• stuart4
      • 8 years ago
        • Anonymous Coward
        • 8 years ago

        Awesome. Maybe I’m ignorant, but I had no idea they existed until I was searching in vain for someplace selling the i7-2600S and I stumbled on them. I think TR should cover them or some similar product, its a real loss for techies that these things go unnoticed.

        A bit expensive, and I’m not happy about the integrated Intel GPU. Maybe a i5-2405S would work OK, but I want a machine that I can play some games on. Right now I have a Shuttle with a C2D 1.8ghz to 2.8ghz (depending on the settings) and a R-5670. Works well except its rather noisy.

    • Jambe
    • 8 years ago

    [quote<]Thermaltake actually uses four screws on the exterior, making the process of removing the cover all the more tedious.[/quote<] Look what we have become! /fun-poking Nice review; more ITX/mATX reviews would be appreciated! I'm not sure about the red trim, but it could be far worse.

    • swampfox
    • 8 years ago

    Appreciate these mini-ITX reviews. Very interesting. Thanks!

    • d0g_p00p
    • 8 years ago

    I’m more interested in the Pearl Izumi shoes than the case. Nice review though, always like TR case reviews.

      • Dissonance
      • 8 years ago

      In that case… the soles are nice and flexy for walking, and the lugs are tall enough that my Crank Bros cleats don’t click-clack on the ground. But the flex impedes power transfer, so if I’m just riding, I’ll wear my Sidis instead.

    • Duck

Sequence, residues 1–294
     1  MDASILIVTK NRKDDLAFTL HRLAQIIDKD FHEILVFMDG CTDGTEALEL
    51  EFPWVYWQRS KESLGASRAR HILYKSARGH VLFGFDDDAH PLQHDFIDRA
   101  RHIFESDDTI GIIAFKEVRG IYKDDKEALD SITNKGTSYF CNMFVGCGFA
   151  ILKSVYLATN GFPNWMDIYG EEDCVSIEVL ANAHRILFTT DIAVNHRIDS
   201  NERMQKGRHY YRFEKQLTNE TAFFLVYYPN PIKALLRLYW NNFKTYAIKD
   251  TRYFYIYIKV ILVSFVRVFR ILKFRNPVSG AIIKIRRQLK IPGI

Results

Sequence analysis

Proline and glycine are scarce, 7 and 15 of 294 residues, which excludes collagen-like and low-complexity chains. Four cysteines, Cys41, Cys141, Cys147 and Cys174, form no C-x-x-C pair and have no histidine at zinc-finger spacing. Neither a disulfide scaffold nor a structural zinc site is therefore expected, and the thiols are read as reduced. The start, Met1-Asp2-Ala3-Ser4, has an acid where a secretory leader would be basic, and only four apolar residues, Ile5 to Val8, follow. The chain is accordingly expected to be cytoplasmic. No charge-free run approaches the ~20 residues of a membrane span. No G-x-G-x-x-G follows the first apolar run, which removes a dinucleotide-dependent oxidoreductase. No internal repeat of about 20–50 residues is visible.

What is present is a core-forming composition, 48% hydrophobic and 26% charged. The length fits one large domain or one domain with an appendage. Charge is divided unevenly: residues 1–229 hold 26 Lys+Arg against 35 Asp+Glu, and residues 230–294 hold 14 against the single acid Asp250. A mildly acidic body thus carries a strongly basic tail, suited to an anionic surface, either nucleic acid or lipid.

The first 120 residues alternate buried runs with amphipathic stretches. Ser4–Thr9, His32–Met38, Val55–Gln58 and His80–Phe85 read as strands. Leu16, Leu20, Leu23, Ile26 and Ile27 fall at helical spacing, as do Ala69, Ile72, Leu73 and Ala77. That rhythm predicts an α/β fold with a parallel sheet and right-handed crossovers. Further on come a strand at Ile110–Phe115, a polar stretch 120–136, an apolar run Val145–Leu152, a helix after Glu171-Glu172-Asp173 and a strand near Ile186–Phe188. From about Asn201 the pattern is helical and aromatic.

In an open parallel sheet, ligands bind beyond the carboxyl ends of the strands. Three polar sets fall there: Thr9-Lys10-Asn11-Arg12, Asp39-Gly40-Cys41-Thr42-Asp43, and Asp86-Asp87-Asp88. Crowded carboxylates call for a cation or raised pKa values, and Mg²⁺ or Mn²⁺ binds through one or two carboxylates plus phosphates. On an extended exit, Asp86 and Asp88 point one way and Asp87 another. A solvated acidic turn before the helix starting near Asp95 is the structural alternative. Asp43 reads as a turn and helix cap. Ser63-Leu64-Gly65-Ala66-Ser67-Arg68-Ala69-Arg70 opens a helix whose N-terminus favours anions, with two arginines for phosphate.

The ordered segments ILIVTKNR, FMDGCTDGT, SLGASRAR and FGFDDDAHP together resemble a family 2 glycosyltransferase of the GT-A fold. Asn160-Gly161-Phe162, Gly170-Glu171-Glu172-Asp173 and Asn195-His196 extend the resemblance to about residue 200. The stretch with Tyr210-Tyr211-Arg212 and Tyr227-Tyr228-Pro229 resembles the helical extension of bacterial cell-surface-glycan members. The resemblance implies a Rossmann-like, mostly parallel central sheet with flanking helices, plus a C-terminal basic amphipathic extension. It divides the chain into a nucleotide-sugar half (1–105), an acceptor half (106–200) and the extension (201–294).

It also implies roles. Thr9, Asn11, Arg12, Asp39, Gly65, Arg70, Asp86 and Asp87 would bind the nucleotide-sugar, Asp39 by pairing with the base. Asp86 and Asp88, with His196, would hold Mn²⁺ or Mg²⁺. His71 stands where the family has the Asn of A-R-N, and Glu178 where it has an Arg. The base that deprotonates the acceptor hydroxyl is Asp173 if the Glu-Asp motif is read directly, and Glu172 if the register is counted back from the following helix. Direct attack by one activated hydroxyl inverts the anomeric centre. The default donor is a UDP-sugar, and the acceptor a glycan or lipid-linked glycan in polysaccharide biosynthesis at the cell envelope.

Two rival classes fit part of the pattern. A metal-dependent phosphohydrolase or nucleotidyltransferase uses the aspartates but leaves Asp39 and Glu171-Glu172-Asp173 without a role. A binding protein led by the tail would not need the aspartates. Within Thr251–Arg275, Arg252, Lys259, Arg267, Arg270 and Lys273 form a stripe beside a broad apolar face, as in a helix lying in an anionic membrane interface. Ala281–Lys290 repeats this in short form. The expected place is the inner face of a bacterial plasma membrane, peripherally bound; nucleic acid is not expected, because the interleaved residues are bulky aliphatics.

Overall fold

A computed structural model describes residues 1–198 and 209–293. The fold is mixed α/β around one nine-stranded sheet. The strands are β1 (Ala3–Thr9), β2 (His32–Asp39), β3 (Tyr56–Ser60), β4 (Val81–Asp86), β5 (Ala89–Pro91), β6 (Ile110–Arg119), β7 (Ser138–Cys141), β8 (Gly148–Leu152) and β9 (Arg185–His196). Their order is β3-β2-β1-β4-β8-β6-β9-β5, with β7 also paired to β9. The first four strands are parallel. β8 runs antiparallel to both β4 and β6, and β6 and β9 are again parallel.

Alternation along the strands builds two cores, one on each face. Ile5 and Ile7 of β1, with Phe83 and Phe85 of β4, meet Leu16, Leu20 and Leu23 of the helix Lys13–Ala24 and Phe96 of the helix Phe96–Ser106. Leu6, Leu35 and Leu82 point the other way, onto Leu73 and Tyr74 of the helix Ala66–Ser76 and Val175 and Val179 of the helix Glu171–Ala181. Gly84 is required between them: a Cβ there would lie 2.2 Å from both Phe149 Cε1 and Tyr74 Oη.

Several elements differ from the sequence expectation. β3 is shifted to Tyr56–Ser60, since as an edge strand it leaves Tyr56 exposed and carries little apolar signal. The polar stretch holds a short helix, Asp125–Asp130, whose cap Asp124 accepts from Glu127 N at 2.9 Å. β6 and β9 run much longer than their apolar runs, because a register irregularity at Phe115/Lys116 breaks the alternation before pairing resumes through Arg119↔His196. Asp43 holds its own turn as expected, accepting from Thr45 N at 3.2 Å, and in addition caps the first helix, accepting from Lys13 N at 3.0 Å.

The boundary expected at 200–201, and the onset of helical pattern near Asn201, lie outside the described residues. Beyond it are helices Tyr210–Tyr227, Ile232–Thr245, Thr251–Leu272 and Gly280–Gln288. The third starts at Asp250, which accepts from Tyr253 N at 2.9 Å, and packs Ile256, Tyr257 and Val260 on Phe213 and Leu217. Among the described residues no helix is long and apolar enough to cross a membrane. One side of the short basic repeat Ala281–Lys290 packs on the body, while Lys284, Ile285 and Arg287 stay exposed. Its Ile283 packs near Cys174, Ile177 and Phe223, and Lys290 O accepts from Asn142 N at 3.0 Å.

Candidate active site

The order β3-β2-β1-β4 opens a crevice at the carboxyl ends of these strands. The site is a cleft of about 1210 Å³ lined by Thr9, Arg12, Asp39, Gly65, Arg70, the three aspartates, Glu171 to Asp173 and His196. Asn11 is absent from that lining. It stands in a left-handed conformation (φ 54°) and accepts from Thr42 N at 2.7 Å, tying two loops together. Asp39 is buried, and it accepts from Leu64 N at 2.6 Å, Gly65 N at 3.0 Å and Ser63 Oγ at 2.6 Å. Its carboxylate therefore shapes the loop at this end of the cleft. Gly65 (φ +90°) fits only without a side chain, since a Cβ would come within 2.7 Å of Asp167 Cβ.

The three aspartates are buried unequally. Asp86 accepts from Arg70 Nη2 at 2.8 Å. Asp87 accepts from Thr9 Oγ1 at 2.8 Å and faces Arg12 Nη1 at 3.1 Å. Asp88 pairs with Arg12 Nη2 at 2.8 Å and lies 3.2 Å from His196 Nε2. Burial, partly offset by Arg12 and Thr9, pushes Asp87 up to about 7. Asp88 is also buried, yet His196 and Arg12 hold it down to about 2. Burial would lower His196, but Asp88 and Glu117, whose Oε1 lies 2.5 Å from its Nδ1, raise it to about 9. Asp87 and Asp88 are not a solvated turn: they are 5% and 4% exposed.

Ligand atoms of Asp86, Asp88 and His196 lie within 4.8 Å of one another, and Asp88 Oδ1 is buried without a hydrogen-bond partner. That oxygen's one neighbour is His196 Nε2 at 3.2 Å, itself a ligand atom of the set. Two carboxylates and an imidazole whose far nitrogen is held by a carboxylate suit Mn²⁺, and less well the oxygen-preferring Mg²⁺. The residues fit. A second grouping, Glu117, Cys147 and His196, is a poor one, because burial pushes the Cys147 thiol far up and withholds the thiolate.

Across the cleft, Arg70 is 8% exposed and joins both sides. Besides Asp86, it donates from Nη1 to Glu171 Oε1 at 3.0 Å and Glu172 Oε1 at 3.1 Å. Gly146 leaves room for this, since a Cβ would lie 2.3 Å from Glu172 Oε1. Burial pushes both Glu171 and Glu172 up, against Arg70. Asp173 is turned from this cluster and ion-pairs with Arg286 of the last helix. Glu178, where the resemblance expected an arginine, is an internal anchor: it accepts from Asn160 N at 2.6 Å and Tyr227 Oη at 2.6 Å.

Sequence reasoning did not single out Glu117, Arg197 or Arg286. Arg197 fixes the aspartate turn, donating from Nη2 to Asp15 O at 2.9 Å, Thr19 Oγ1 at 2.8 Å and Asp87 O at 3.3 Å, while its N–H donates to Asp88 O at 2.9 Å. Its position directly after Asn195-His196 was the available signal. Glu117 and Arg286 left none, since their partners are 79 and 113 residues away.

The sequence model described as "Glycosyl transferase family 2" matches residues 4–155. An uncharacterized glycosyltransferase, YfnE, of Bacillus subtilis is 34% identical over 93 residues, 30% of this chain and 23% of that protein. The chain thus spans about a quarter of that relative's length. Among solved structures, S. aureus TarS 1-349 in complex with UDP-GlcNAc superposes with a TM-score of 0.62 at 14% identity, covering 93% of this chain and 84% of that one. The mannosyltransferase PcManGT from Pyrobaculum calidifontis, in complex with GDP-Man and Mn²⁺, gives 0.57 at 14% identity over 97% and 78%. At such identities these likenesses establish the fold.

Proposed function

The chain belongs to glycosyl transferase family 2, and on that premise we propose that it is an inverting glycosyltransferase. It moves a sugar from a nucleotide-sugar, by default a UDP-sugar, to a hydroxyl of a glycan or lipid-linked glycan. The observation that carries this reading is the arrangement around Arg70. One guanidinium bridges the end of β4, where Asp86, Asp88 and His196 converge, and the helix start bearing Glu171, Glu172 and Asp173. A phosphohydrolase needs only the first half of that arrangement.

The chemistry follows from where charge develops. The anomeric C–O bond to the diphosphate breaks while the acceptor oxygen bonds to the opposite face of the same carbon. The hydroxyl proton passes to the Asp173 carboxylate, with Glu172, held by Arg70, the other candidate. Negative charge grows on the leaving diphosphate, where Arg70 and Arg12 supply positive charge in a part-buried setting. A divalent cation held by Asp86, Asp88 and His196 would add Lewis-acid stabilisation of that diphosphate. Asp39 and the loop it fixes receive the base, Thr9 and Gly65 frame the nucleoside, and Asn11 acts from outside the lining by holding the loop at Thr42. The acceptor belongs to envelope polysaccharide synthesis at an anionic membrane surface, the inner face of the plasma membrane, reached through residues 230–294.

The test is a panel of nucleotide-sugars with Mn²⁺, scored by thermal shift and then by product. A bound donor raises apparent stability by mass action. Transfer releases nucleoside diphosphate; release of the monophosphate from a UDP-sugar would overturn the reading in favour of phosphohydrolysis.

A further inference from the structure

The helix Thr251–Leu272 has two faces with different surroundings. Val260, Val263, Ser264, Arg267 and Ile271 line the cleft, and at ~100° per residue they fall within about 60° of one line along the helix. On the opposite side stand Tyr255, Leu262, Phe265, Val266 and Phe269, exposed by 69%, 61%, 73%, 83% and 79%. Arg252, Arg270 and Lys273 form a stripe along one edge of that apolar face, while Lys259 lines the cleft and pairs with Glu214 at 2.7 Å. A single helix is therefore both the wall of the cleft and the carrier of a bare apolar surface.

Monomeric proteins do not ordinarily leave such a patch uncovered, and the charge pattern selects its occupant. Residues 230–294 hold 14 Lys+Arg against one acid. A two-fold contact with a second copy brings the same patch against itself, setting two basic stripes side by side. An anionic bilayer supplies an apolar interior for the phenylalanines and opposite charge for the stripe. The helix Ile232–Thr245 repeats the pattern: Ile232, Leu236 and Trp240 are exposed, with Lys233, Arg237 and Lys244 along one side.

• 8 years ago

    Thought you would be interested…

    This case has other versions by other brands. Thermaltake is not the ODM. The A+ Cupid 3 for example, or the Apex MI-008.

    The PSU should be taken out. It would be too loud. You only need a pico PSU and a power adaptor. Higher efficiency and fanless 🙂

    A 120mm fan will fit perfectly right next to the motherboard in that little gap. It will require cutting of metal though. But some people will be able to do that.

      • flip-mode
      • 8 years ago

      Yeah, this case is screaming for a power brick-type PSU.

      • esterhasz
      • 8 years ago

      Yes, they should really just design it for a picoPSU and directly ship it that way. A 120mm header would be a must, too. Even at very low noise levels you get decent airflow and there would be so much more flexibility concerning components…

        • Chrispy_
        • 8 years ago

        They should just design it, period.
        The word “design” implies that someone qualified as a designer did some thinking.

      • obarthelemy
      • 8 years ago

      I tried replacing the PSU with a Be Quiet SFX Power – 300W. No better.

      • NeelyCam
      • 8 years ago

      Yes. The case I used for my silent SB build looks very similar – that was an Asus case. The only major difference I can see is that the Asus one didn’t have a side slot for a hard drive.

      I took out the PSU (replacing it with a picoPSU), leaving room for a big passive CPU heatsink. My memory didn’t have heatsink fins, so I could fit a HDD in the “external” 3.5″ slot (which in my case was internal). SSD got velcro’d to the side panel.

    • flip-mode
    • 8 years ago

    Thanks for the review Mr. Gasior. I’ve seen that case on the shelf in Micro Center and it seemed to exude an air of cheapness, so much so that my eye lingered not. While cheapness can be acceptable in many circumstances, the clearance issues inside this case are frightening to me. I think I would rather pay the extra $40 for the Silverstone SG05 and not only get more room but probably much higher quality too.

      • NeelyCam
      • 8 years ago

      If you replace the PSU with picoPSU, you’ll have a ton of space.

      • Chrispy_
      • 8 years ago

      [url<][/url<] I draw your attention to the high-quality panel fit between the steel cover and the top face of the plastic facia. I would have been able to design this better within the first 90 minutes of my seminar on injection moulding as an engineering student.